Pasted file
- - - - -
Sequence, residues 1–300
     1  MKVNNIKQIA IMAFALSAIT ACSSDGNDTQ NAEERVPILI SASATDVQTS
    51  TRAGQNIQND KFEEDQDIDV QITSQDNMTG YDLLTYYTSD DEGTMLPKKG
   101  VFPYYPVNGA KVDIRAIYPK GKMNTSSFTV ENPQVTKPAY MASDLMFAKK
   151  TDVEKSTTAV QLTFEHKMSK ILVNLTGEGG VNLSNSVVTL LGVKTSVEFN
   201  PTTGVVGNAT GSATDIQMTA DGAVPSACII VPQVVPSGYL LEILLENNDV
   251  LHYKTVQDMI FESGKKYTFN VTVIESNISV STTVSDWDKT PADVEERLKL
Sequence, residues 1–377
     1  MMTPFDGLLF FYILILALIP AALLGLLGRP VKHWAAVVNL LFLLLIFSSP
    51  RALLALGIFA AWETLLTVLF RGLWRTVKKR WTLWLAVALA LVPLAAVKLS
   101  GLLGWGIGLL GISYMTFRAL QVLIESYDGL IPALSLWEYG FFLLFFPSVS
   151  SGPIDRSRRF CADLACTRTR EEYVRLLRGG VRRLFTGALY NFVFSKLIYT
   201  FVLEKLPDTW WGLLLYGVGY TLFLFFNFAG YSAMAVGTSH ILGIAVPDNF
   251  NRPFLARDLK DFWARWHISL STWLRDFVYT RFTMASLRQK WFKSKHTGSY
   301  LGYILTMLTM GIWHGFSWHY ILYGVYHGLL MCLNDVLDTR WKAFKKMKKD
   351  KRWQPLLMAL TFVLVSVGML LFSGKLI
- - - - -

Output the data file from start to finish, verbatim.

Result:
Sequence, residues 1–300
     1  MKVNNIKQIA IMAFALSAIT ACSSDGNDTQ NAEERVPILI SASATDVQTS
    51  TRAGQNIQND KFEEDQDIDV QITSQDNMTG YDLLTYYTSD DEGTMLPKKG
   101  VFPYYPVNGA KVDIRAIYPK GKMNTSSFTV ENPQVTKPAY MASDLMFAKK
   151  TDVEKSTTAV QLTFEHKMSK ILVNLTGEGG VNLSNSVVTL LGVKTSVEFN
   201  PTTGVVGNAT GSATDIQMTA DGAVPSACII VPQVVPSGYL LEILLENNDV
   251  LHYKTVQDMI FESGKKYTFN VTVIESNISV STTVSDWDKT PADVEERLKL
Sequence, residues 1–377
     1  MMTPFDGLLF FYILILALIP AALLGLLGRP VKHWAAVVNL LFLLLIFSSP
    51  RALLALGIFA AWETLLTVLF RGLWRTVKKR WTLWLAVALA LVPLAAVKLS
   101  GLLGWGIGLL GISYMTFRAL QVLIESYDGL IPALSLWEYG FFLLFFPSVS
   151  SGPIDRSRRF CADLACTRTR EEYVRLLRGG VRRLFTGALY NFVFSKLIYT
   201  FVLEKLPDTW WGLLLYGVGY TLFLFFNFAG YSAMAVGTSH ILGIAVPDNF
   251  NRPFLARDLK DFWARWHISL STWLRDFVYT RFTMASLRQK WFKSKHTGSY
   301  LGYILTMLTM GIWHGFSWHY ILYGVYHGLL MCLNDVLDTR WKAFKKMKKD
   351  KRWQPLLMAL TFVLVSVGML LFSGKLI